I thought of putting some music on the laptop, so we have something to listen to when we lay in our tent at night, but decided against it. This is the part I'm proud of. We are going old school when it comes to having tunes. We decided to get an old fashioned fm/am radio. This way we can listen to local channels wherever we are, and get the local news and weather.

So off we went to quickly to buy a small fm/am radio. We all had them when we grew up. This should be an easy task. NOT. Every radio out there, has an alarm clock, can play CDs, mp3s, can connect to any household appliance, have docking stations for 7 ipods. And get this, they don't have speakers. You have to buy separate headphones.

Enough of my ranting. We eventually found a great little radio, that uses solar power (yey, we are all going green now), has a dynamo crank on the side to charge the batteries, and takes two penlight batteries as backup. I love it. I feel like a kid when I listen to it and have to tune it every so often to stay on the station.

We also started to work out the budget for the trip. It did not take us long to figure out that this will be an experiment in low budget traveling. And when I say low budget, I mean very low budget. Canada is a very expensive country to travel in, and during the peak summer season, everything is double in price. The gas price did not go as high as it usually does in summer. I think it is due to the depressed economy. But still, we plan to do a 5,000km round trip, and we do it with 2 bikes. So there is already a large chunk of change. Add accommodation, food, ferries and some spending money, and it adds up quickly. I am not going to bore you with the details. I hope that I can adequately describe our travel in the blog, so that you can get an idea of what such a trip in Canada is like and what it costs.

So tomorrow we are off to the Kawasaki dealership to get my bike's starter button problem fixed. There are 3 recalls on that model, so I hope when they do the recall work (for free), it will also fix the starter button problem. Only time will tell how much this might cost.
Our nearest Kawasaki dealership is in Woodstock, about 80km from here. So Denise is going with me. As you might remember, I need somebody to help me push start the bike, and I'm not good on counting on the kindness of strangers to help me out.
The dealer estimates the work will take about 2 hours, so it will give us some time to explore Woodstock.

We still have lots of things to do before the trip, but I will write about it when we do it.

Tuesday, July 14, 2009

July 11-13 Algonquin Area

Motorcycle Trip to Algonquin Park

So after a lot of planning, cancelling, moving dates around, change bookings multiple times, add people, remove people, book kennels, cancel kennel reservations, the trip was finalised. In the end it was Debby, Sjon, Denise and me that were the lucky ones that ended up actually doing the trip.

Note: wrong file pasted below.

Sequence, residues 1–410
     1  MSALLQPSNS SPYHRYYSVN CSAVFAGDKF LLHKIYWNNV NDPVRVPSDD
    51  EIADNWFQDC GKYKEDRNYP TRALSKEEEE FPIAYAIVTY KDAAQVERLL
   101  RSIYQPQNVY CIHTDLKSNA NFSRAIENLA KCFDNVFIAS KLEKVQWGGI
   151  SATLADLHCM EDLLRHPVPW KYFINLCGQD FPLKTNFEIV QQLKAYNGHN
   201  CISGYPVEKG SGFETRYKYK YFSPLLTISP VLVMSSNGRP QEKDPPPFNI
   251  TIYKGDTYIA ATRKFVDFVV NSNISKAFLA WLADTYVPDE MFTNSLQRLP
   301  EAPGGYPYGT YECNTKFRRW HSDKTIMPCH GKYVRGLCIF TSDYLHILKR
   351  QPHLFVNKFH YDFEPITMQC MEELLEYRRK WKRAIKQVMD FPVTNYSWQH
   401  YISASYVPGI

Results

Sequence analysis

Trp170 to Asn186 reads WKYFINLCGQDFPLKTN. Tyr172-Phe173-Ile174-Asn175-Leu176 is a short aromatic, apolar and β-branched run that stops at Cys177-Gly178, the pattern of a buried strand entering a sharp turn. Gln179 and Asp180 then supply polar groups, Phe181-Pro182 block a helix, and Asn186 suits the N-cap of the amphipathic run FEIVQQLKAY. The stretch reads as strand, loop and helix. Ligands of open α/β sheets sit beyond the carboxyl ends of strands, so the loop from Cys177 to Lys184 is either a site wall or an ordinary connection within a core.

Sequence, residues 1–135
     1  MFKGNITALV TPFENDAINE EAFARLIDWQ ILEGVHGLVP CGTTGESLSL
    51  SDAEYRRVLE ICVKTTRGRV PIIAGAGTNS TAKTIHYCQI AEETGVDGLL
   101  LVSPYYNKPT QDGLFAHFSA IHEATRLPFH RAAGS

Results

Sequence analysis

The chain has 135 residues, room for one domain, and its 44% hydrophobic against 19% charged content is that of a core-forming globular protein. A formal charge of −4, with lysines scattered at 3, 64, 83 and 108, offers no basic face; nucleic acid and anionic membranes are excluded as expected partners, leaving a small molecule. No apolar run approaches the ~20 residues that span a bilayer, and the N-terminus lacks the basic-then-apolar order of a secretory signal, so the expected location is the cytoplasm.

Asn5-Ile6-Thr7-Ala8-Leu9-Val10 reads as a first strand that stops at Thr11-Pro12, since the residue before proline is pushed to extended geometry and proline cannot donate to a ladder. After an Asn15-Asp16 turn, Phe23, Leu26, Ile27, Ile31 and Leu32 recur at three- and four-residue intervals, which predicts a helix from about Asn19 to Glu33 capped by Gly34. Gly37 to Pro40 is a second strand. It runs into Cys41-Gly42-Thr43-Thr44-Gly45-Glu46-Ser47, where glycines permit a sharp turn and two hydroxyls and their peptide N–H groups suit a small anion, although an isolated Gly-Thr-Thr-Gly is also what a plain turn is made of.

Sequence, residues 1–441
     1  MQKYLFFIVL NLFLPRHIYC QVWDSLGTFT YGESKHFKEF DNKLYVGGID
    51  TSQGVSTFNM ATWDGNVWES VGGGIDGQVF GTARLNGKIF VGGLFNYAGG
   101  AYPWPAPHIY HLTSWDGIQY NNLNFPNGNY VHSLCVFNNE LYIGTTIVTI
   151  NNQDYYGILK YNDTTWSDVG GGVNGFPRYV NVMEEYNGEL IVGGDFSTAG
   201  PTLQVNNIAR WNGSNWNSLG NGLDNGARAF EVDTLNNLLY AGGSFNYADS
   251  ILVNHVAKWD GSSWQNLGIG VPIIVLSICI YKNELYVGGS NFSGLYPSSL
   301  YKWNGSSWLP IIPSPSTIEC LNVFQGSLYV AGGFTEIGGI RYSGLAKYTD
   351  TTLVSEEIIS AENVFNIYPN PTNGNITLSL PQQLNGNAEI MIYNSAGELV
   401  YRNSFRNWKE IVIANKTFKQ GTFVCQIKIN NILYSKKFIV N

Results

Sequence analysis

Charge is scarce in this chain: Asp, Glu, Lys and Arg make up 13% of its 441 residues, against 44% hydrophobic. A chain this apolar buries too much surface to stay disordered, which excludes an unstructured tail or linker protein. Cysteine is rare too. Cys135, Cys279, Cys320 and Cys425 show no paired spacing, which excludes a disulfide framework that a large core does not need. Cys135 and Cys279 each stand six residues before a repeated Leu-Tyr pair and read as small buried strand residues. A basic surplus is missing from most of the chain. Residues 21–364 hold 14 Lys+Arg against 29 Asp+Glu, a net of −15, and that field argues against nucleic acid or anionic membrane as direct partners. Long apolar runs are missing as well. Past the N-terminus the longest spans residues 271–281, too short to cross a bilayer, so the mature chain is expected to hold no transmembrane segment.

The plan was to meet at the Tim Hortons near Barrie and then travel together from there to the Wolf Den Bunkhouse near Algonquin park. Debby and Sjon will stay the Saturday night and come back on the Sunday. Denise and me will stay till Monday before returning home.

We woke up early the Saturday morning (always up early before a trip. I guess excited) packed the bikes and were ready to go. Then the heavens opened up and the rain came down in sheets. Have not seen rain like this in a long time. The plan was to meet D&S at Timmies at noon. So we decided we will wait and see if the rain lets up and then leave at the latest at 10am, so we can make it for noon.

We just sat down with fresh coffee to wait out the rain, we get a call from Debby. They are riding up from Toronto, saw the big rain coming, decided to out run the rain and are now 20 minutes away from Barrie. So we gulp down our coffee, put our rain gear on (Denise does not have all the gear she need) and we set off in the rain.

It rained hard all the way to Guelph, but after Guelph it just drizzled and then stopped. The sun came out and we stopped in Alliston to take our rain gear off. Denise was pretty wet and my shoes were filled with water. We rode under nice sunny skies to Barrie were D&S were basking in the sun waiting for us.

We all then set off to our destination. It was about 300Km away, and it was a smooth ride up highway 11. We stopped for lunch about 50km before Huntsville and had the greatest homemade burgers. There is just something great about a burger with real meat, and not the ones made with a plastic patty (that what those patties taste like to me).